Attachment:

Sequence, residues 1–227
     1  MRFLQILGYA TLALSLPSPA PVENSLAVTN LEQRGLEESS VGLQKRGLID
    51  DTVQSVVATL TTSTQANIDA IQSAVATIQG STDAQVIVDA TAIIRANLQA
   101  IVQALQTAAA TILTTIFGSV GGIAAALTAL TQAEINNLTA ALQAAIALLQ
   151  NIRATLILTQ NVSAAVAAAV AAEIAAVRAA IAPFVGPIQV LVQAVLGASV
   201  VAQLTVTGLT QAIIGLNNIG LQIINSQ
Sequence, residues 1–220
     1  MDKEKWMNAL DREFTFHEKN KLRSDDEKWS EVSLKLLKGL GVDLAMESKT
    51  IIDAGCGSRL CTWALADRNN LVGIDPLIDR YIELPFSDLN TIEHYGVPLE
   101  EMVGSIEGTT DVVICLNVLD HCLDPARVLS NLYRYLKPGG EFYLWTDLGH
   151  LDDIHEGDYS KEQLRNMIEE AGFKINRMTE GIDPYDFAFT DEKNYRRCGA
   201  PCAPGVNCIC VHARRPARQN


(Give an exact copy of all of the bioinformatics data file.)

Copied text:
Sequence, residues 1–227
     1  MRFLQILGYA TLALSLPSPA PVENSLAVTN LEQRGLEESS VGLQKRGLID
    51  DTVQSVVATL TTSTQANIDA IQSAVATIQG STDAQVIVDA TAIIRANLQA
   101  IVQALQTAAA TILTTIFGSV GGIAAALTAL TQAEINNLTA ALQAAIALLQ
   151  NIRATLILTQ NVSAAVAAAV AAEIAAVRAA IAPFVGPIQV LVQAVLGASV
   201  VAQLTVTGLT QAIIGLNNIG LQIINSQ
Sequence, residues 1–220
     1  MDKEKWMNAL DREFTFHEKN KLRSDDEKWS EVSLKLLKGL GVDLAMESKT
    51  IIDAGCGSRL CTWALADRNN LVGIDPLIDR YIELPFSDLN TIEHYGVPLE
   101  EMVGSIEGTT DVVICLNVLD HCLDPARVLS NLYRYLKPGG EFYLWTDLGH
   151  LDDIHEGDYS KEQLRNMIEE AGFKINRMTE GIDPYDFAFT DEKNYRRCGA
   201  PCAPGVNCIC VHARRPARQN